Nick Cummins has a nickname. He is known as the Honey Badger. He was being interviewed after a rugby match and was asked how he came by the nickname and this is what he said:

“One of the stories that inspires me is that it is documented that a honey badger killed a lion in a one-on-one. What happened was that he clawed the canastas off the big fella. He just went one-two on the ball bag and the big fella has walked around the corner and fell over… that to me is outstanding.”

If you read that paragraph two or three times you might get what he is eluding to. Sort of. Possibly. The Japanese don’t. Nick Cummins is currently playing as a professional in Tokyo and the Japanese called him the Honey Budger, which is kind of cute.

But really, Nick Cummins needs to be accompanied at all times by a professional translator. Lucky for you, I speak perfect Australian and I am happy to translate his best quotes and turn them into something resembling English.

Quote: “I just saw the line, pinned me ears back and ended up bagging a bit of meat in the corner which was tops.”

Translation: I caught sight of the try-line, accelerated to the very limit of my abilities and managed to score, which was pleasing.

Quote: “Yeah mate I bloody was like a rat up a drain pipe in one of them runs there.”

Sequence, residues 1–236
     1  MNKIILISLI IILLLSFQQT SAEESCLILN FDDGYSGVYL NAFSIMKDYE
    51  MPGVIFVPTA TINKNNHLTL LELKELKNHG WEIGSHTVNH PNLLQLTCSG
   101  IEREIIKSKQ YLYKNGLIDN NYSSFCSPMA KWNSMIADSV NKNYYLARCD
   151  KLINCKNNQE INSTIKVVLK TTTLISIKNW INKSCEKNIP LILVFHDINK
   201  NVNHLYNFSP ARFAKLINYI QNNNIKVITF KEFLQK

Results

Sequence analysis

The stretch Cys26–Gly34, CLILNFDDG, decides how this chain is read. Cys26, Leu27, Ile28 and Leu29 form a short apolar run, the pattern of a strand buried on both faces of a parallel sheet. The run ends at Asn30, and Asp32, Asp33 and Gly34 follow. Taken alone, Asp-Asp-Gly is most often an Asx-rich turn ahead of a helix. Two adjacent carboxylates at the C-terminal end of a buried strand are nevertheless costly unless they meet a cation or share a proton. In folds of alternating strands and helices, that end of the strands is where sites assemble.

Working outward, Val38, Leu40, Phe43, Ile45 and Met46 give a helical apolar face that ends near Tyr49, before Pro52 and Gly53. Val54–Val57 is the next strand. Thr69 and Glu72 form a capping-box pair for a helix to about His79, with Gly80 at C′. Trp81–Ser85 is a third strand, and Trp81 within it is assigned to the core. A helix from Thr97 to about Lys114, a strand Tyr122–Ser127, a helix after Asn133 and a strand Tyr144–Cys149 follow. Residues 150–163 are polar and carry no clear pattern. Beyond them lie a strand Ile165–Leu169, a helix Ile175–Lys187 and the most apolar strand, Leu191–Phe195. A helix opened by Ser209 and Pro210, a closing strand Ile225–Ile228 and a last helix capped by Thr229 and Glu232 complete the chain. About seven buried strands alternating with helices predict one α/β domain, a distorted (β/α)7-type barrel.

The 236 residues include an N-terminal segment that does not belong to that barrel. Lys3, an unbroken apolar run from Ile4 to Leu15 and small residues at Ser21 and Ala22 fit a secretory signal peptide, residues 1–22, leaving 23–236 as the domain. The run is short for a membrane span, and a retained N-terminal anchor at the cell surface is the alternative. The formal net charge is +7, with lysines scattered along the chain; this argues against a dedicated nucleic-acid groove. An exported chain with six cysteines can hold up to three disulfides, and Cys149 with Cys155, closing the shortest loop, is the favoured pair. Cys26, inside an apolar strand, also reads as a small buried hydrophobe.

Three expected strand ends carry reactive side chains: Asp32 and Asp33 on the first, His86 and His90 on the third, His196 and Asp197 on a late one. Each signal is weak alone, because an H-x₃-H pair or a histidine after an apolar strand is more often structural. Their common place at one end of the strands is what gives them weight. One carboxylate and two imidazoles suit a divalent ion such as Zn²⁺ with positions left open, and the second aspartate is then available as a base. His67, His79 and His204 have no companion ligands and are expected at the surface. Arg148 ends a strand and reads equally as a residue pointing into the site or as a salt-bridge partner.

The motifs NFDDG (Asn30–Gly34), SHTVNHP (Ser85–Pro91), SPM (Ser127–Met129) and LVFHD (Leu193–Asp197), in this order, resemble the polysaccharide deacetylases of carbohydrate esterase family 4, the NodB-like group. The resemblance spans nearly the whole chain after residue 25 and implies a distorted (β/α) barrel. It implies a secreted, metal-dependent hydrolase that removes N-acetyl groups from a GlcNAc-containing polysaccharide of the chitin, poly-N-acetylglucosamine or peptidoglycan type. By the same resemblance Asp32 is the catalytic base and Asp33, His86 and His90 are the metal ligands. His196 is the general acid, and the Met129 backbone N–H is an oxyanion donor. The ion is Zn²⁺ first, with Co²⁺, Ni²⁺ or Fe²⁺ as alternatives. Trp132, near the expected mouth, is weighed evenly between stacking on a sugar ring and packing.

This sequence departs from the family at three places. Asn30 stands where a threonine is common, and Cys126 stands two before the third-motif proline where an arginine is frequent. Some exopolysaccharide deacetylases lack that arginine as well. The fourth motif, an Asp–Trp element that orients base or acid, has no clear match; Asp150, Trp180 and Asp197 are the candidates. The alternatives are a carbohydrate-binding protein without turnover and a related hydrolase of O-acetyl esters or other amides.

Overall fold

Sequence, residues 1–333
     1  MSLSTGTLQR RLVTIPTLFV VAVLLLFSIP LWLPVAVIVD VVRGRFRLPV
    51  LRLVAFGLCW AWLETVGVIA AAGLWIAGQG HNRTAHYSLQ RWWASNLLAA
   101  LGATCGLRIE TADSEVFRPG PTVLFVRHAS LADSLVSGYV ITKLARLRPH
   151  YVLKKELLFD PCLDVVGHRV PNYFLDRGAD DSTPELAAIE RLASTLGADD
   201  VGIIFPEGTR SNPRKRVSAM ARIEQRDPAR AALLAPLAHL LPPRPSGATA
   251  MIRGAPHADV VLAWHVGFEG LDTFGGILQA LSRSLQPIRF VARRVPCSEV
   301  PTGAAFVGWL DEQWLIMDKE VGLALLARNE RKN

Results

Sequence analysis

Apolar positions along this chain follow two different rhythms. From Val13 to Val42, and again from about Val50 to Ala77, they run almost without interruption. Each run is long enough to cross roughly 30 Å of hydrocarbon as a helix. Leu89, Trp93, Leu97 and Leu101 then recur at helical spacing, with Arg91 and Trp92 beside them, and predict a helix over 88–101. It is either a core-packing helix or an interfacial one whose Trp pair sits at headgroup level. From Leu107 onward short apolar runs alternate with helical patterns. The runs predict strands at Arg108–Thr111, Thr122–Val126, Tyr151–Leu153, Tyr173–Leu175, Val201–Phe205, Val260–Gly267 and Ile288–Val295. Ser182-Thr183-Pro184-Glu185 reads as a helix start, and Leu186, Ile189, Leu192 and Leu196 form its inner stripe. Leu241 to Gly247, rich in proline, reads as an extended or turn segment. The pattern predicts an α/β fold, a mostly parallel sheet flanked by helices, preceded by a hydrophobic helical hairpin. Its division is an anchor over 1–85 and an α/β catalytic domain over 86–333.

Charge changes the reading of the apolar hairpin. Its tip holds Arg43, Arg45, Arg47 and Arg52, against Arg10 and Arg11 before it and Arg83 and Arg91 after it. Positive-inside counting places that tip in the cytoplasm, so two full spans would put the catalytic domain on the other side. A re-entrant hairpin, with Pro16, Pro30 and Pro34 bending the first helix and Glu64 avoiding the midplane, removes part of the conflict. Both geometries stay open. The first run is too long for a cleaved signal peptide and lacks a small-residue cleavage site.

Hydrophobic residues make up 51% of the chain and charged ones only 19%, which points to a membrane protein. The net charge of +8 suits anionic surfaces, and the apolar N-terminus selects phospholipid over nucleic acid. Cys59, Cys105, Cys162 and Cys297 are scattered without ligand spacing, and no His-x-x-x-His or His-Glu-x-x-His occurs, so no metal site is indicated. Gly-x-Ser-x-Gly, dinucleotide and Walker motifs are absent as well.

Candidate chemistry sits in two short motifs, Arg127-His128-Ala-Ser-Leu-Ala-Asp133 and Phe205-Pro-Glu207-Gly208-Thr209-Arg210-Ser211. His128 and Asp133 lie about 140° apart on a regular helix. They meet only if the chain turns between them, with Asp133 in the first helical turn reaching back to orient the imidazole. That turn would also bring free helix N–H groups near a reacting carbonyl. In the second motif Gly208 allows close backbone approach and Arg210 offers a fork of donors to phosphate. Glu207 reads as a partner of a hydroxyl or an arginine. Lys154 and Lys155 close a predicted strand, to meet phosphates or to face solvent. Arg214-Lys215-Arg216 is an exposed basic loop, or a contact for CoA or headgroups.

Translation: I ran particularly fast in one instance.

Quote: “He was huffin’ and puffin’ and, mate he did well, he always does, he’s a tough rooster.”

Translation: My teammate was breathing heavily but he persevered. He always does. He is very hardy.

Quote: “I’m gonna have a truckload of pudding and uh, old mum’s good on the cook too so, Dad’s got the tucker ready over there and mum and dad are gonna work together and form a massive feed and I’m going to come in and dominate it.”

Translation: I intend to eat a large volume of pudding. My Mother is more than competent at the culinary arts as well. My Father is getting the food ready over there. The two of them will combine their talents to create a meal of sufficiently large proportions. Then I intend to devour all of it.

Quote: “I was busier than a one-legged man in a bum kicking contest.”

Translation: I was under extraordinary pressure because of the workload I was given during the match.

Of course when people hear Nick Cummins come out with this stuff they are a bit shocked but in a good way. To borrow an Australianism, the Honey Badger is a fair dinkum character and sadly there are too few of them.